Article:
CHICAGO — Indianapolis will lease its parking meters for 50 years to a private company under a controversial plan by Mayor Greg Ballard that was narrowly approved Monday by the city-county council.

The council approved the plan by a 15-14 vote. A handful of council members who had been opposed to the deal ended up voting in favor after the Ballard administration announced a number of key revisions, including one that allows the city to opt out of the agreement every 10 years for a fee.

The parking lease is Ballard’s latest effort to raise money for infrastructure improvements without tax increases. He crafted and the council approved a plan over the summer to sell the city’s water and sewer systems to a nonprofit utility in a cash-and-debt transaction. That deal — also approved by a close council vote — netted the city $425 million in cash and the ability to shed $960 million of water debt.

The parking lease deal would hand control of 3,669 city-owned meters for 50 years to Affiliated Computer Services Inc., a Dallas-based parking technology company recently purchased by Xerox. ACS would give the city an up-front payment of $20 million — down from a proposed $35 million before the revisions — and a slice of annual parking revenue going forward.

The agreement gives the city a 30% share of the first $7 million in annual revenue, and 60% after that. Revenue includes funds from parking meters and violations. Ballard, a Republican, said the city would get $620 million over the 50-year life of the lease.

The revised opt-out options would require the city to pay $19.8 million to opt out after the first 10 years, $16.25 million after 20 years, $12 million after 30 years, and $8 million after 40 years.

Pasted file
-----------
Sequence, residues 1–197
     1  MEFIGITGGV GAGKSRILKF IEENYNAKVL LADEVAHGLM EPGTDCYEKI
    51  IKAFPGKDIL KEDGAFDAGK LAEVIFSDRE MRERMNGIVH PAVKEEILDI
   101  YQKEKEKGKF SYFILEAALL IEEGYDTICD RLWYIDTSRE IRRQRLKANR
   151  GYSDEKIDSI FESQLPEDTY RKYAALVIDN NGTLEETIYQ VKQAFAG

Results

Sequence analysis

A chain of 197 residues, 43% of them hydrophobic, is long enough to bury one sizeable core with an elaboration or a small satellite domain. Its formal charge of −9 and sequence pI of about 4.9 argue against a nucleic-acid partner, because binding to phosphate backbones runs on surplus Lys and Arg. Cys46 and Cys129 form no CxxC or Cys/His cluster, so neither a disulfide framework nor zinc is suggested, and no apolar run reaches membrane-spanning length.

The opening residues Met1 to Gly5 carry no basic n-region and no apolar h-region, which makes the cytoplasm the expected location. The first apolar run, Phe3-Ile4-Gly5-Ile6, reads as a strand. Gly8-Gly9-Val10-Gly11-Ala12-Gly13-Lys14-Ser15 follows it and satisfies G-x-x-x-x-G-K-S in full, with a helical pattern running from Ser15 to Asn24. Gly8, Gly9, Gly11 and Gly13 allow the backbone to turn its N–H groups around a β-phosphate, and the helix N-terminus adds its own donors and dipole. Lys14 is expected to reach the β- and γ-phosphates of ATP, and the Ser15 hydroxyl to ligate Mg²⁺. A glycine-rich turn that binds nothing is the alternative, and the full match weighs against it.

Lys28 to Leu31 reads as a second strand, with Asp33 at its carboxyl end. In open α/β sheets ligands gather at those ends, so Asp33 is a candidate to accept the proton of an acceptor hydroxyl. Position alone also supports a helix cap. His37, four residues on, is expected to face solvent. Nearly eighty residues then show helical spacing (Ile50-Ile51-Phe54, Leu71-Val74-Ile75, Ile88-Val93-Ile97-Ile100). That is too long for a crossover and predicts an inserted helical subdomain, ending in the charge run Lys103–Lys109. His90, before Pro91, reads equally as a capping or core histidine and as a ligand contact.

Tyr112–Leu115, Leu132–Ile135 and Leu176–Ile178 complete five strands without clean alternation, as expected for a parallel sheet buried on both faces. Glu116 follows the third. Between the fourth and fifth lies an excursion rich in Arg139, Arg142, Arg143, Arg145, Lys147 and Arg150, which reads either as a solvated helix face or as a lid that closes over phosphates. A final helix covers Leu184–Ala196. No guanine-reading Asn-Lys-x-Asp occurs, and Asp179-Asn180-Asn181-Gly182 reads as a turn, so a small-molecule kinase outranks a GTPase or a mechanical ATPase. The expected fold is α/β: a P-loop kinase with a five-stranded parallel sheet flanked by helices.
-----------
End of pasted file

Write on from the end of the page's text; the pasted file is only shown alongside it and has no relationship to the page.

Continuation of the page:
The revenue-sharing feature distinguishes the deal from Chicago’s precedent-setting $1.15 billion parking meter lease deal last year. Also distinguishing the Indianapolis plan is a law requiring the city to spend the upfront cash and all future revenue on infrastructure improvements within areas where the parking meters are located.

Chicago’s deal has faced a public and political backlash due to significant rate increases, broken meter boxes, and the city’s use of proceeds to balance its budget. 

Morgan Stanley was the city’s financial adviser on the deal. Ice Miller LLP crafted the concessionaire’s agreement. The city has no outstanding tax-exempt debt backed by parking meter revenue and therefore will not be retiring any debt. ASC is required to modernize the system and upgrade the meters before it can raise rates.

Proponents of the plan, like Republican council member Robert Lutz, said the city needs new revenue to offset declines tied to property tax caps and falling property values. He also said operations of large assets like the water and sewer systems and parking systems may be better run by non-governmental entities.

“We’re looking at horrible revenue shortfalls and we needed new ways to raise ­money,” Lutz said.

He added that he only voted in favor of the plan after the terms of agreement were amended to address his chief concerns. Giving the city the ability to opt out and increasing its share of the future revenue helped convince him to vote for the plan, Lutz said.

Opponents, like Democratic council member Jackie Nytes, said the deal’s 50-year term was too long, the opt-out options too restrictive, and that the deal was not the best the city could get.  “I expect that Xerox’s stock will go up once people realize the deal’s been done,” Nytes said. “It’s a 50-year gig with the 12th largest city in America, and the terms of the deal are pretty nice for ACS.”

Another source of criticism came from the role of Barnes & Thornburg LLP. The law firm, which often works with the city on various proposals, lobbied for the deal on behalf of ACS. At the same time, city-county president Ryan Vaughn works as an attorney-of-counsel at the firm, and attorney Joe Loftus is one of Ballard’s top advisers.

Nytes said the administration’s lobbying was pushy but not as intense as for the water deal. “The water deal had every law firm in town working on it,” she said.

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